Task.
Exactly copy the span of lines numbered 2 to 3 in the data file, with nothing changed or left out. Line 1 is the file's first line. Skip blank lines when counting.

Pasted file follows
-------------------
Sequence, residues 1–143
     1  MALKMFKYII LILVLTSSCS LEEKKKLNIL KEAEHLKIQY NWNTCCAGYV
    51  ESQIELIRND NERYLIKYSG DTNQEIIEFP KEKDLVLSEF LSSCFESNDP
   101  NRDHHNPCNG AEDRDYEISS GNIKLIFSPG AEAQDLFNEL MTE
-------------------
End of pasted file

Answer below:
     1  MALKMFKYII LILVLTSSCS LEEKKKLNIL KEAEHLKIQY NWNTCCAGYV
    51  ESQIELIRND NERYLIKYSG DTNQEIIEFP KEKDLVLSEF LSSCFESNDP